The Ryan Budget makes enormous cuts to critical safety net programs that help low-income families access health care and put food on the table. Its author, Rep. Paul Ryan (R-WI), claims that these programs will become more efficient, by transferring control over them from the federal government to the states. This belief in the power of giving states flexibility is central to the Ryan Budget. If the states fail to dramatically improve program efficiency, then the Ryan Budget would shred the social safety net.
Given the stakes, one would expect the Ryan Budget to be deeply committed to the idea of giving states flexibility. However, the budget only supports that concept when it is being used to justify deep spending cuts. The Ryan Budget actually takes a dim view towards programs where states already have flexibility, and is especially critical of decisions by the Obama Administration to delegate more authority to the states.
The Ryan Budget would cut Medicaid by over $1.4 trillion over the next ten years. Medicaid provides health coverage to over 50 million Americans, and the expansion of the program under Health Care Reform has the potential to cover over 21 million more. The Ryan Budget repeals this Medicaid expansion, which is a $636 billion cut, and then makes an additional cut of $810 billion.
How will Medicaid continue to function after such a drastic cut? Here’s the Ryan Budget’s explanation (p. 80):
Provide State Flexibility on Medicaid. One way to secure the Medicaid benefit is by converting the federal share of Medicaid spending into an allotment tailored to meet each state’s needs, indexed for inflation and population growth. Such a reform would end the misguided one-size-fits-all approach that has tied the hands of state governments. States would no longer be shackled by federally determined program requirements and enrollment criteria. Instead, each state would have the freedom and flexibility to tailor a Medicaid program that fit the needs of its unique population.
The Ryan Budget handles the Supplemental Nutrition Assistance Program (SNAP) in a similar manner. SNAP, also known as “food stamps,” alleviated hunger for almost 47 million Americans in 2012. The Ryan Budget endorses endorses a $125 billion cut in SNAP over the next ten years, which is larger than it sounds since the cut only starts to take effect in 2019. This cut is similarly justified as savings from giving states flexibility (p. 88).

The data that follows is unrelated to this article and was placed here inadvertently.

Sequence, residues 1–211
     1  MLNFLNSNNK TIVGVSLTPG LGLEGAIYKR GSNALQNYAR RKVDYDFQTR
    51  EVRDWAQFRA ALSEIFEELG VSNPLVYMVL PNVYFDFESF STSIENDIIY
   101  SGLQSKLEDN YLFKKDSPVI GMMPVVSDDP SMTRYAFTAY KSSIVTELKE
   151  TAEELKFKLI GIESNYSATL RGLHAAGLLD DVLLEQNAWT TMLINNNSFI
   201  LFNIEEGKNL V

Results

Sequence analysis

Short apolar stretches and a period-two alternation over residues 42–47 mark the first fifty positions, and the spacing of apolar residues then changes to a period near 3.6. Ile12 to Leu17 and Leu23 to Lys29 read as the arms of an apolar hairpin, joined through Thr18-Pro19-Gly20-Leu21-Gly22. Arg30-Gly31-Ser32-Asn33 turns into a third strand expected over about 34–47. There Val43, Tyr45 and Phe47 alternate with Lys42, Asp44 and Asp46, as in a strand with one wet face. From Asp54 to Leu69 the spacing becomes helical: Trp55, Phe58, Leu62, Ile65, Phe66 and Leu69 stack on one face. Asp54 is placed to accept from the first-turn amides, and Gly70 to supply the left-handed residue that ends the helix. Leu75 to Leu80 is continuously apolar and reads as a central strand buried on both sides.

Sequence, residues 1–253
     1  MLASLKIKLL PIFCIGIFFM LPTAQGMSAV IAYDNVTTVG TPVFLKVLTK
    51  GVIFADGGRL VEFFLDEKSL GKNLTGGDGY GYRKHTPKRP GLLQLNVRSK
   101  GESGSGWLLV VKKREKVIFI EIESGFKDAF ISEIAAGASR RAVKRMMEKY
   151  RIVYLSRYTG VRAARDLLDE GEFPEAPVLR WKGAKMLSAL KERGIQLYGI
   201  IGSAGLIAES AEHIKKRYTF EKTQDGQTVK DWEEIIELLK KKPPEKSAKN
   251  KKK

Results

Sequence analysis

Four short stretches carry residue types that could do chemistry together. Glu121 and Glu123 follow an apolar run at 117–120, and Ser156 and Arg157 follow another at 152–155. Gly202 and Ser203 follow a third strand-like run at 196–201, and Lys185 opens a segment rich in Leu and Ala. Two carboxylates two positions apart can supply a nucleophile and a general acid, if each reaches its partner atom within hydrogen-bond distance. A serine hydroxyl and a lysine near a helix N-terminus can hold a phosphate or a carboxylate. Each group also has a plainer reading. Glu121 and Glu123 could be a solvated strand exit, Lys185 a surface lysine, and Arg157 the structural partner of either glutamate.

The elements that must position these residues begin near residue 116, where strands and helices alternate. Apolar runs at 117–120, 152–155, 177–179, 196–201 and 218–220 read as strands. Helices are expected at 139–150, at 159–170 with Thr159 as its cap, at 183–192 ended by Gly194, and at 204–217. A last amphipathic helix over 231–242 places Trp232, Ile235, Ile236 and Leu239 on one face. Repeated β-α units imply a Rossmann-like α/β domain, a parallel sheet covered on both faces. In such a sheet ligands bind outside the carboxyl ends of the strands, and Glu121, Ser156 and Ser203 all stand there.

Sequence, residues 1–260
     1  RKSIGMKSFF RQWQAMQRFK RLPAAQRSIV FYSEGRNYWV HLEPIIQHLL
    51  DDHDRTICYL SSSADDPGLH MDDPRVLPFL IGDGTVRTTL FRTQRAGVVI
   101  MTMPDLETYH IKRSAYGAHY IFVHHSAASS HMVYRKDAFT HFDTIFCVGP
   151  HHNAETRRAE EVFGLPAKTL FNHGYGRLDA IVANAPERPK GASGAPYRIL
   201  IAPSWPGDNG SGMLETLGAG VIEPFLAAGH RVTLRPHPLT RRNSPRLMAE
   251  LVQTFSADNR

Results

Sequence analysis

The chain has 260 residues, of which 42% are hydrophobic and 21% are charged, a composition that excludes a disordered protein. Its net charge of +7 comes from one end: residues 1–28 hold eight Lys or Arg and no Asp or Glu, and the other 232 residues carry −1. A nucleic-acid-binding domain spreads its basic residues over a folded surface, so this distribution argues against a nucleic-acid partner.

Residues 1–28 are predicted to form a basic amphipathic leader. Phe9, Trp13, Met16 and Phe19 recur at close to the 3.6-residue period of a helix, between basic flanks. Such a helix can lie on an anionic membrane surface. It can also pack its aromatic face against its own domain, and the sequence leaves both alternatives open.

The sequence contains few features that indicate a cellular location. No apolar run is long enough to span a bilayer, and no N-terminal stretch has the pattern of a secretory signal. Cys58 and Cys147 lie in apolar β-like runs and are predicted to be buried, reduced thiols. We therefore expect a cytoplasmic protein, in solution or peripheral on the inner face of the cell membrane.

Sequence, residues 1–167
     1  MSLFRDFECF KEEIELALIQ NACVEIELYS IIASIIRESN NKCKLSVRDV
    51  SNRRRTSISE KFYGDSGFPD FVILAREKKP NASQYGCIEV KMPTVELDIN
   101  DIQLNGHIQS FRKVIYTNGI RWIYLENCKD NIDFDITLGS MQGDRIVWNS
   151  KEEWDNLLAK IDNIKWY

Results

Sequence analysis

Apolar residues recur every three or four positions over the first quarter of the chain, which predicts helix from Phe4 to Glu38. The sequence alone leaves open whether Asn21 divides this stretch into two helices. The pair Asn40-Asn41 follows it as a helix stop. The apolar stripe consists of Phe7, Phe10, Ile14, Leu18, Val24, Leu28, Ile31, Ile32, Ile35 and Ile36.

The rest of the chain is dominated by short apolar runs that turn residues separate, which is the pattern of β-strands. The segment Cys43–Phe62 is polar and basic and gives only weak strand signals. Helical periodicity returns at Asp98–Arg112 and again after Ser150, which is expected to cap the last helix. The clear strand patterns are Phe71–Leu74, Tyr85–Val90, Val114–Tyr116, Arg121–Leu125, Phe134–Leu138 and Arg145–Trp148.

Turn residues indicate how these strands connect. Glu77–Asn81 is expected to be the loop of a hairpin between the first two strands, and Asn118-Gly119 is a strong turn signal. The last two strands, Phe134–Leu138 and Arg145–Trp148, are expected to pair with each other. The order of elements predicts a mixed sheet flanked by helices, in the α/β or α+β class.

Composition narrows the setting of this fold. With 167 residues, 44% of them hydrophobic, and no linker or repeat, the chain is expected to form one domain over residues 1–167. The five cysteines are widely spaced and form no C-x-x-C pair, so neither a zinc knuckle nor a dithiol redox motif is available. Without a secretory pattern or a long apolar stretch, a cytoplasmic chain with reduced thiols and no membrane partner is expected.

The Ryan Budget proposes converting both Medicaid and SNAP into “block grants,” where states would determine the best way to spend federal funds from these programs. Given its enormous faith in block grants to sustain the social safety net with far less federal investment, one would expect the Ryan Budget to hold up existing block grants as paragons of good government.
It does not. Instead, it proposes eliminating two major federal block grants. The Ryan Budget terminates the Community Development Block Grant (p. 69), which supports affordable housing, job creation, and services for at-risk populations. It also abolishes the Social Services Block Grant (p. 78), which gives states flexibility to meet the needs of their residents through locally-delivered programs, such as substance abuse treatment, foster care, and assistance for persons with disabilities.
The Ryan Budget reserves some of its harshest criticism for President Obama’s implementation of block grants for Temporary Assistance to Needy Families (TANF), which funds state welfare programs (p. 88):
Reinstitute Welfare Work Requirements: The Obama administration, in contravention of current law, has claimed authority to waive the work requirements of the Temporary Assistance to Needy Families program. This budget rescinds any authority the Obama administration thinks it has to provide for waivers of the work requirement of the TANF program. It assumes that President Clinton and the Republican majority at the time were correct in requiring robust work requirements for the TANF program—which led to the largest sustained reduction in child poverty since the onset of the ‘‘Great Society.’’ This would save $61 million over ten years.
Putting aside the mention of Lyndon Johnson’s Great Society, which the Ryan Budget basically repeals, is the Obama Administration really eliminating TANF work requirements? Here’s Dylan Matthews:
…the Obama administration is not removing the bill’s work requirements at all. He’s changing them to allow states more flexibility. But the principle that welfare programs must require recipients to move toward employment isn’t going anywhere.
So President Obama is letting states decide the best way to structure and enforce the welfare to work requirements. One might say he is seeking to “end the misguided one-size-fits-all approach that has tied the hands of state governments,” in the same way the Ryan Budget justified its plans to cut Medicaid.
Congressional Budgets are a statement of principles. We have identified two important principles in the Ryan Budget:
- Investment in safety net programs should be dramatically reduced.
- Giving states flexibility is good.
The problem is that #2 only applies when it is being used to justify #1. When government programs already give states flexibility – with the same block grants Rep. Ryan advocates for Medicaid and SNAP – the Ryan Budget eliminates them anyway. When President Obama offers states more flexibility, he is ruining welfare reform.
So is the Ryan Budget about finding a more efficient way to provide a safety net for the American people? Or is it a carefully crafted justification for shredding that safety net?